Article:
The biggest city in the Minho has a population of just under 200,000 and 35 churches. But although it might be a serious religious centre, it’s not strait-laced or boring. Braga has excellent restaurants and nightlife. It has a thriving university, and is becoming something of a tech hub these days. It was also European Youth Capital just a few years ago.
Two-bedroom apartments start at well under €100,000 and offer buy-to-let options for students and tourists. There is also a good choice of highly attractive modern villas from €300,000. You can see some Braga properties here.
It’s known as the birthplace of Portugal after the country’s first king was born here in 1110 and it became Portugal’s first capital. Guimarães has a very impressive castle at the top of the hill, then a beautiful old town below that and an increasingly modern city spreading out below with a population of around 150,000. You don’t see many overseas tourists in the Minho but if you see any they’ll probably be queuing for an ice cream in Guimarães.
The pretty, cobbled squares of Guimarães may be tempting but there are some uber-stylish villas here too.
For property buyers, the pretty town squares of Guimarães may be tempting, with their wooden balconies offering a birds-eye view of the many fiestas, weddings and events going on. On my last visit there was a chess tournament and grand society wedding vying for onlookers’ attention. But equally, there are some uber-stylish villas here too. Townhouses start at around €150,000, and the well-positioned modern villas from €500,000.
Strictly speaking Vila Nova de Familicão, this town of 130,000 is very easy to reach in around 40 minutes from Porto by train or car. It’s a more modern town, but serves as a base for dozens of attractive villages. Famalicão is quite a popular area for international property buyers, with large villas at €400,000 or even ancient country estates with land for €1,000,000. The perfect home from home within easy reach of Porto Airport!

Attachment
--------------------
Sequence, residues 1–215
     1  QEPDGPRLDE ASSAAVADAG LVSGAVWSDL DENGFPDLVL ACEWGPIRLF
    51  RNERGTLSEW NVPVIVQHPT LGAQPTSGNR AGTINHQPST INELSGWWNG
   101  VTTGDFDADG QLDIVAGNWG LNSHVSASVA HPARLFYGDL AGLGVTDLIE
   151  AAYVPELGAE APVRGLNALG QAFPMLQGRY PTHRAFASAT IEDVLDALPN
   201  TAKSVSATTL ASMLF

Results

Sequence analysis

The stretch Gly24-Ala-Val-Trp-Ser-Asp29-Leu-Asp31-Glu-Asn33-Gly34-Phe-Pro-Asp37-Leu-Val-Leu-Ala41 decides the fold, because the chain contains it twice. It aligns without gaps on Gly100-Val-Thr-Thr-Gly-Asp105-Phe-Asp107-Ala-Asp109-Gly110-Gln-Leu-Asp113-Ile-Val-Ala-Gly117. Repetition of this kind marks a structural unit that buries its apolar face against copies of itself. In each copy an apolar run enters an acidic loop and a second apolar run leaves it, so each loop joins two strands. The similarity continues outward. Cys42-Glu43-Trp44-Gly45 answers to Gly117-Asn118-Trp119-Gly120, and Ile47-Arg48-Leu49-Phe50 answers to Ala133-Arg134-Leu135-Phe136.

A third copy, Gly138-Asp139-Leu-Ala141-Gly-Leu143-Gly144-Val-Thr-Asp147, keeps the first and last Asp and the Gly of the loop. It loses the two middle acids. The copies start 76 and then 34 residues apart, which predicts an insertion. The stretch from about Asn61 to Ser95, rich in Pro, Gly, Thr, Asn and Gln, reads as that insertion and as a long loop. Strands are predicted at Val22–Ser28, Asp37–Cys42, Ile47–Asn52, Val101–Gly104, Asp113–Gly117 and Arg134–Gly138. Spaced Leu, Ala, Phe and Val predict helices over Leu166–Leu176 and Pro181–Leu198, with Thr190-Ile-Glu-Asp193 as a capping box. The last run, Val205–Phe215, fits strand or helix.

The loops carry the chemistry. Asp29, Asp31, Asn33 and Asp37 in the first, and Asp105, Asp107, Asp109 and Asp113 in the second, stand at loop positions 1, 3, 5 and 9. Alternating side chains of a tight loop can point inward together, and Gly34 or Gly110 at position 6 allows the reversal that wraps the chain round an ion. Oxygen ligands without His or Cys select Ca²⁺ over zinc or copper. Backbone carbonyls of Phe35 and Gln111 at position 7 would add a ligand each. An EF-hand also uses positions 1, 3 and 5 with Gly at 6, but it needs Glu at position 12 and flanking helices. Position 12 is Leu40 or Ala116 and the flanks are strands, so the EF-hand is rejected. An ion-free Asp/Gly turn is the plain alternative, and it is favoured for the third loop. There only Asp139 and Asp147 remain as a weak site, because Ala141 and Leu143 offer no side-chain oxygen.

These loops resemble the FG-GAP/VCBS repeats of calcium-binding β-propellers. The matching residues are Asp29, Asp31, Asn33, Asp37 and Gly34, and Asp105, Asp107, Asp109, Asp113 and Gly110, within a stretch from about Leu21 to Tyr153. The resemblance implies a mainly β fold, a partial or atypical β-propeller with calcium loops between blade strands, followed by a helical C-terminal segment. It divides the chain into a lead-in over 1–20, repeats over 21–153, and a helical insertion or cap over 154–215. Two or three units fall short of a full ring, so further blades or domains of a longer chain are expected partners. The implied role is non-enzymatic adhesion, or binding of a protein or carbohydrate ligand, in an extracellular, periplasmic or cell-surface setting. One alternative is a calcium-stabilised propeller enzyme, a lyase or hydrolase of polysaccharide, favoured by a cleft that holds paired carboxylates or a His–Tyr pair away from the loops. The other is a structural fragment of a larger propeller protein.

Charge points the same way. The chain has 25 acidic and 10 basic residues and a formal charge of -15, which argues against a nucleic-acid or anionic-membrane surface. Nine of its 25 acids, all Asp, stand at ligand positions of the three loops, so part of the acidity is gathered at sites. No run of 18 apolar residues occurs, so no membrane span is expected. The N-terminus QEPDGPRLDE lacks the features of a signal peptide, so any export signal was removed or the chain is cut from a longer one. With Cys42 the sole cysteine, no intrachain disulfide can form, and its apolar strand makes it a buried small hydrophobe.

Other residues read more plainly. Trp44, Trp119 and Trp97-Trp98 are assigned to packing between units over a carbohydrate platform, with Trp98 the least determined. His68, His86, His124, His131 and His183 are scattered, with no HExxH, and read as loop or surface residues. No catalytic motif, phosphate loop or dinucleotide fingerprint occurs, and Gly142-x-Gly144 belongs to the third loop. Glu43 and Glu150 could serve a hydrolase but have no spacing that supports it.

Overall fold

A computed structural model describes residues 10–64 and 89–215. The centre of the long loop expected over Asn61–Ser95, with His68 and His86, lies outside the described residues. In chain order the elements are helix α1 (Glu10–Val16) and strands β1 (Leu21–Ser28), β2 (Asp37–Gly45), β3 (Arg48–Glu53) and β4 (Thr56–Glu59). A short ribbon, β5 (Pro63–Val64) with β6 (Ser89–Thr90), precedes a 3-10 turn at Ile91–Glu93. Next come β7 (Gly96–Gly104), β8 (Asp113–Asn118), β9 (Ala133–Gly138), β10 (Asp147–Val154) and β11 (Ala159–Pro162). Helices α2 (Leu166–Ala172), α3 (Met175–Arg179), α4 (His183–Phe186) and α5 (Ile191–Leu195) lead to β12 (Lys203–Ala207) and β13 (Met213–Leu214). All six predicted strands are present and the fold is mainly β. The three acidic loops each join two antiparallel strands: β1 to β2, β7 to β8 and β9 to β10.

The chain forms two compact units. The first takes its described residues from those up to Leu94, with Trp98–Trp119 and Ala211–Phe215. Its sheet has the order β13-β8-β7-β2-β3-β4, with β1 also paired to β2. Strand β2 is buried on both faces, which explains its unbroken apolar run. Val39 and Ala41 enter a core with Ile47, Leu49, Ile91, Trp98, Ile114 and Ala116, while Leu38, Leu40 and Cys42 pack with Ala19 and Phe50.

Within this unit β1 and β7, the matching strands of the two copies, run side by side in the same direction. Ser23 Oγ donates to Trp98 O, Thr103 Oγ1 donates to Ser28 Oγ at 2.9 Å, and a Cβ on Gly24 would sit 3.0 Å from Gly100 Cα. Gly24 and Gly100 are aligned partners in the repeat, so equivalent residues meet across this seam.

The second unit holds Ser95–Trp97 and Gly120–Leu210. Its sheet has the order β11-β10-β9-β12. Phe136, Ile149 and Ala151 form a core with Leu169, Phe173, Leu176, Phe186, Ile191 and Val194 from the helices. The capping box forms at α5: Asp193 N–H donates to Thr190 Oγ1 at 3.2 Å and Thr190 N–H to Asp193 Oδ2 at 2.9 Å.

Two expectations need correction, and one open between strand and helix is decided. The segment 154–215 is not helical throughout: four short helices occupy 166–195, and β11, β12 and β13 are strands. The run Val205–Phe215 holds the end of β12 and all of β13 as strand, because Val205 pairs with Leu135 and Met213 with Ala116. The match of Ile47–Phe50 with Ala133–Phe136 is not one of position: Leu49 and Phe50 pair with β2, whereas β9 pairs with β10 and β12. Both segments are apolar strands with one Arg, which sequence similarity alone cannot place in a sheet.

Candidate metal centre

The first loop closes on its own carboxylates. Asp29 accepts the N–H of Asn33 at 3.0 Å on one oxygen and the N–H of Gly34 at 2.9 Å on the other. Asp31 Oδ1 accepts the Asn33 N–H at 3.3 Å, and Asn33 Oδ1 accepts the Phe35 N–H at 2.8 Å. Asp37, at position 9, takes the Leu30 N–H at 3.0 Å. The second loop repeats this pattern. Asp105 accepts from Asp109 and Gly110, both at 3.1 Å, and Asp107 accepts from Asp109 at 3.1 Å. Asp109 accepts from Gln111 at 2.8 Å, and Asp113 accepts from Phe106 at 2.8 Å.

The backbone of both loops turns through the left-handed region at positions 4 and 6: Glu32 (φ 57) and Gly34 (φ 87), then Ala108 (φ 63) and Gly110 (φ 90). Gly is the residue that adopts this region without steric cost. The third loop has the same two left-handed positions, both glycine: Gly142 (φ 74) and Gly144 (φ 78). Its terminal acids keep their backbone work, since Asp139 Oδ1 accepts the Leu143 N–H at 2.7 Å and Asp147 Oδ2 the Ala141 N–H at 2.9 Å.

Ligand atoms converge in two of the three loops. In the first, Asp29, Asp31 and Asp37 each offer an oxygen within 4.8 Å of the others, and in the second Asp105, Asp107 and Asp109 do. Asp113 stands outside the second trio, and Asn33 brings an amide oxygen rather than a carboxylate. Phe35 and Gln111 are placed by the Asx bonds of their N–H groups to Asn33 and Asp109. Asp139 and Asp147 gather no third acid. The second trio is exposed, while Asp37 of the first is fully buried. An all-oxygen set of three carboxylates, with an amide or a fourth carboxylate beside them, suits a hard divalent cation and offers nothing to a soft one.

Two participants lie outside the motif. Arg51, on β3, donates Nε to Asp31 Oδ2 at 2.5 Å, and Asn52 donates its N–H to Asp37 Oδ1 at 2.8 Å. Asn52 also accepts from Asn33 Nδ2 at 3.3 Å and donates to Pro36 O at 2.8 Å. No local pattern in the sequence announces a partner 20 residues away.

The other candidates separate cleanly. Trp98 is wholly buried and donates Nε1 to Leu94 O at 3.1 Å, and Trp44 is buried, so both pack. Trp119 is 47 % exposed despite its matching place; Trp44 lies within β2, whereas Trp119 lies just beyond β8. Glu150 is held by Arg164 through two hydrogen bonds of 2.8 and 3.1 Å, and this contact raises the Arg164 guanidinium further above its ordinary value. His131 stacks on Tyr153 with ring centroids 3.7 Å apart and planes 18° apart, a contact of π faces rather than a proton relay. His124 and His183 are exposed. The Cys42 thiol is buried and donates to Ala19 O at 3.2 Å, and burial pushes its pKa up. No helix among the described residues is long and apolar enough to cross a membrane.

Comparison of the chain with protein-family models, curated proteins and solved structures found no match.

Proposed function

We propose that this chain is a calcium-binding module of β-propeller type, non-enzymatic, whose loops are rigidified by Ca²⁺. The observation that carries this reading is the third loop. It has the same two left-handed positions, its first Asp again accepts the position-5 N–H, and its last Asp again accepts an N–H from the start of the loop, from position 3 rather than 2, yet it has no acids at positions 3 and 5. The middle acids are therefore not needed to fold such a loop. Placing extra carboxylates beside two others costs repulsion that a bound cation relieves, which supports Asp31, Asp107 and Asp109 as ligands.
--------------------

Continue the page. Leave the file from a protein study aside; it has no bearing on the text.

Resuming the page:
The Minho has bucolic charms in abundance, but it’s not backward in any way. So don’t expect to see farmers going to work on donkeys or people washing their clothes in rivers any more. (Although, in truth, those days are not so far off in more rural areas). Cheap country property prices are rather a thing of the past too.
You’re likely to have a winery, eucalyptus plantation or field of sweetcorn growing next to your house.
But this area offers a wonderful mix of countryside and villages. Even in the more built-up areas towards Porto you’re likely to have a winery, eucalyptus plantation or field of sweetcorn growing next to your house. You will also have a choice of designer villas or old granite farmhouses.
The Minho is one of those places where you can get away from it all but just a two-hour flight and 40 minute drive from a UK airport.
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The Guardian newspaper recently named the beach outside Viana do Castelo as one of Portugal’s ‘Top 10 hidden beaches‘. But unlike Mediterranean or Algarve beaches you won’t find many of them backed by row upon row of apartment building. Even fishing villages are few and far between for long stretches of the 65 kilometre coast.
There are several options for holiday-type apartments, however. One good option is Esposende, where seaside and holiday apartments go from around €150,000 and detached villas with pools from double that. It’s a small town of around 35,000 people, but with a ‘parque natural’ on the doorstep and some epic beaches.
Apulia marks the southern end of the Minho, but further south towards Porto are seaside resorts such as Vila do Conde and Povoa de Varzim which do have a little more of a holiday apartment feel and prices from a little over €60,000.
Getting to north-west Portugal
The easiest option is, of course, flying into Porto. The flight takes around two hours from the UK. There are budget flights to Porto all year from all over the UK and other European cities.
The train option takes you from London St Pancras in the morning to Paris and then the Spanish border by evening. Day two (no-one said this would be quick) takes you along the Spanish coast to Vigo. You can then hop on a quick train down to Porto which takes two hours, or jump off at one of the stations along the way.
Once here you can avoid getting a car each time as the train service is pretty good. And if you don’t immediately fall in love with Porto’s São Bento railway station’s interior decoration, you may want to rethink your future in this stunningly beautiful country!